In the latest public freedoms crackdowns in the country, the United Arab Emirates has banned Skype.
“It has been brought to our attention that our website and services have been blocked by the ISPs [internet service providers] in the United Arab Emirates. That means you won’t be able to use Skype in the United Arab Emirates.” The international company said.
“We are working towards getting Skype re-enabled.” The company added.
UAE nationals living abroad complained about Twitter’s ban.
“It’s so frustrating that Skype is banned in the UAE. How are we meant to conduct interviews and meetings? Such a contradiction in 2021 & 2071 Visions goals.” said Sultan Al Qasimi, a columnist at the Middle East Studies Council.
The UAE imprison or fine anyone found to be using VPN, as the country has a notorious Internet law that detains dozens of bloggers.
Calls using FaceTime have been illegal in the UAE for years.
Meanwhile, prominent human rights activist Mohammed bin Saqr al-Zaabi commented on the conditions of the detention of the senior human rights defender Ahmed Mansour. Mansour, a human rights activist, criticized the wrong practices and did not commit any crime. His punishment is a message from the authorities in the UAE that this is the fate of who is talking about the human rights reality in the UAE.
In an interview with Al-Hawar television, criticizing the imposition of heavy fines on activists, Bin Saqr said that after the Arab Spring and after revealing more facts, the authorities resorted to imposing fines to silence activists and critics.
Mansour’s open hunger strike entered its third week to protest his continued solitary confinement since his arrest nearly two years ago, and his 10-year prison sentence and a fine of one million dirhams, Amnesty International and the International Center for Justice and Human Rights said.
Amnesty International expressed concern over the life and health of human rights activist Ahmed Mansour as a result of the strike. Mohammed bin Saqr stressed the absence of any information about Mansour’s fate due to the difficulty of obtaining information from the UAE prisons.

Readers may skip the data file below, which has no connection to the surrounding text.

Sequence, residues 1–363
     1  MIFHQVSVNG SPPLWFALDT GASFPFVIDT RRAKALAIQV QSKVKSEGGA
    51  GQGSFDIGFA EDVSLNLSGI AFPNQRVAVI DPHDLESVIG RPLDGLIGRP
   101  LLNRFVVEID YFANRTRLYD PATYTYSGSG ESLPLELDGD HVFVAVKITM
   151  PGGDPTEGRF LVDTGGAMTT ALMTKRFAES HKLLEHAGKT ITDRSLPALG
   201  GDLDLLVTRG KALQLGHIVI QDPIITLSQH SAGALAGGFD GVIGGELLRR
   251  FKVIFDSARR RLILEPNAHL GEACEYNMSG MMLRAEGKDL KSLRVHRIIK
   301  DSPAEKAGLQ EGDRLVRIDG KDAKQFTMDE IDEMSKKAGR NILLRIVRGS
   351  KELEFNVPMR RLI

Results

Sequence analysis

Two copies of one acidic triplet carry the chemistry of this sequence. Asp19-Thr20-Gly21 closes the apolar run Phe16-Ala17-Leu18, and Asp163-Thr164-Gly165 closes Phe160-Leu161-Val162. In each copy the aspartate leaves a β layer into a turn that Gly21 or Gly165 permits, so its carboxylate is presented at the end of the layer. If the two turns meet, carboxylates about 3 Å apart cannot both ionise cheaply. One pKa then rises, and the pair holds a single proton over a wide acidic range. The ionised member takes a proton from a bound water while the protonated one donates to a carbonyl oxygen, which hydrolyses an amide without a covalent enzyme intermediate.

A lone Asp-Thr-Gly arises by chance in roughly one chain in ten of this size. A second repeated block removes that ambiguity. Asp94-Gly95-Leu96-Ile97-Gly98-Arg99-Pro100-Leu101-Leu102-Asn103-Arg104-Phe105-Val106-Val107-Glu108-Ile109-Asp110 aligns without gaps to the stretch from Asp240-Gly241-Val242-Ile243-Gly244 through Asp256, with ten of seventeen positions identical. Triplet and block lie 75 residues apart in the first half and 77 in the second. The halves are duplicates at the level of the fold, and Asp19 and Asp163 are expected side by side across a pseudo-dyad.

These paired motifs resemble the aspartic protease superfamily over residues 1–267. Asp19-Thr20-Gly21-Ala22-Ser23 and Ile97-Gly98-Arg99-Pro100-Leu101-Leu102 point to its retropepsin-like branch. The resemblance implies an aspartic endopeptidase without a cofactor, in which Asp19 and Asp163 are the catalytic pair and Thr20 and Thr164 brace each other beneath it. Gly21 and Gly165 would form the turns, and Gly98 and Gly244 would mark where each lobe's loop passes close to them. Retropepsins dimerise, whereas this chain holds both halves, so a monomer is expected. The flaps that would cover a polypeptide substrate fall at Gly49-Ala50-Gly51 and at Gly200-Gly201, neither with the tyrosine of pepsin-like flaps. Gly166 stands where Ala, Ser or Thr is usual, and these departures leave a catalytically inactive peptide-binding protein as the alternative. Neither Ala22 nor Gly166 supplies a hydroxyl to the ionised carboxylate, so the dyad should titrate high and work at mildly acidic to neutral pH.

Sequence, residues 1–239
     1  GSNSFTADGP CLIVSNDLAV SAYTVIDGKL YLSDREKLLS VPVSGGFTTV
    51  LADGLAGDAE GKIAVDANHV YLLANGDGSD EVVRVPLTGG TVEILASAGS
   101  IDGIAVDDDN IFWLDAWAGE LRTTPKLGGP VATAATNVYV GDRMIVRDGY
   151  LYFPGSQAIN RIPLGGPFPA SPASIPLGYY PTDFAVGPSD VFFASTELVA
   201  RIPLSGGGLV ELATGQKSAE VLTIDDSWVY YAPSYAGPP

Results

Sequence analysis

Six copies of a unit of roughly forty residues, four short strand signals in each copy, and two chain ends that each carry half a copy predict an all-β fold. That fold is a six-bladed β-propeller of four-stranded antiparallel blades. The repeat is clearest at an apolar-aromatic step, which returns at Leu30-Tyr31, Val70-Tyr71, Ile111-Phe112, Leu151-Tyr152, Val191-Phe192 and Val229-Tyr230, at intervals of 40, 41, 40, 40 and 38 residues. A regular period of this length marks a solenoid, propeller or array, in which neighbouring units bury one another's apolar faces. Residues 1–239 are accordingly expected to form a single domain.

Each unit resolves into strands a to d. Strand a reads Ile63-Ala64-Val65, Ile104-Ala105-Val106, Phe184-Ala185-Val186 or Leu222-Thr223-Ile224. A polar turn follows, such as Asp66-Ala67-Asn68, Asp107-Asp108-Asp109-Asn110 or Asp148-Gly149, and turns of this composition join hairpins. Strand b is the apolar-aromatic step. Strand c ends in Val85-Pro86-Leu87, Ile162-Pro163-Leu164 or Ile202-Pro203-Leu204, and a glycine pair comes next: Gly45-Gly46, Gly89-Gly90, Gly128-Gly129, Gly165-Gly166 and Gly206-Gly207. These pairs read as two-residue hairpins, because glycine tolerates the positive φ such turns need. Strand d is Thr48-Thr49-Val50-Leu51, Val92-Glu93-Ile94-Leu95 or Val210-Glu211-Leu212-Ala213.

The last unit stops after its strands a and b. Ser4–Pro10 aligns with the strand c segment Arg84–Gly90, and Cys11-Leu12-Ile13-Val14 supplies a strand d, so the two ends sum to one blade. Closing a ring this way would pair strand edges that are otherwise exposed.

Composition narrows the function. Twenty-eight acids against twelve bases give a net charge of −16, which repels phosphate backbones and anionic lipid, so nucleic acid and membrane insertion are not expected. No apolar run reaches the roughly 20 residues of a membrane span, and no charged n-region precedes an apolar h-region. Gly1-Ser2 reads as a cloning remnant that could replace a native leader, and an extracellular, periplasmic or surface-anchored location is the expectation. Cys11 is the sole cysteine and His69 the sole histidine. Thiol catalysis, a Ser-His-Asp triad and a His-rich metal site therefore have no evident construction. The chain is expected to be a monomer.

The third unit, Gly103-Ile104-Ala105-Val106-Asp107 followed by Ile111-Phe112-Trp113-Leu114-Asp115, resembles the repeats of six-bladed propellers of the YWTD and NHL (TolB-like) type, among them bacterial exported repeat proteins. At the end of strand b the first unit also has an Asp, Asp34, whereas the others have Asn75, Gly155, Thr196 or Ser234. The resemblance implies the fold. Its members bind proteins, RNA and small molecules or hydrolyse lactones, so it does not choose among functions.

Christian Wilke, a former British teacher, was imprisoned in the UAE because of a Facebook post saying that camels in the UAE are treated better than humans.
Because of that, he spent nine months in prison for an “electronic insult,” the Sun reported, during which he had pneumonia. He also suffered from sleep deprivation and was deprived of a lawyer for 52 days.
Wilke previously served as Head of Computing and ICT at Downe House School in Cold Ash, Berkshire, which was attended by Kate Middleton. The British-German citizen was an information technology teacher at Brighton College in Al Ain at the time of his arrest.
Wilke told The Sun that he had posted a picture on Facebook for a sign on the road that has a camel on it, with a comment, “Look how they care about their animals. Even in the desert, you will find a sign of stopping for camels.”
A British academic commented on his article that the fine for killing camels is the most expensive fines.
“All I did was the answer. This is my point of view – I do not back down when talking with my colleagues.”
Wilke was released from prison after receiving a petition from his mother on the Internet that obtained 277,000 signatures calling on the UAE prime minister and Dubai ruler Sheikh Mohammed bin Rashid Al Maktoum to release her son.
One of his pupils told him earlier that he was “very frank about the authorities.”
The United Arab Emirates has been repeatedly criticized for human rights violations.
“Most tourists are oblivious to the UAE’s continued detention of foreigners who have been arrested for behavior that is considered criminal under the country’s harsh laws,” Sanaa Okba said in her article on Detained in Dubai website.
A British woman was arrested in March for insulting her ex-husband’s wife. She faces now up to two years in prison in Dubai and a fine of $ 65,000.
A British soccer fan attended the Asian Cup in Abu Dhabi was arrested in January for allegedly wearing the Qatar national team shirt.
Wilke’s mother, Christine Wilke Perimeter, said her British nationality saved her son from arbitrary detention in the UAE.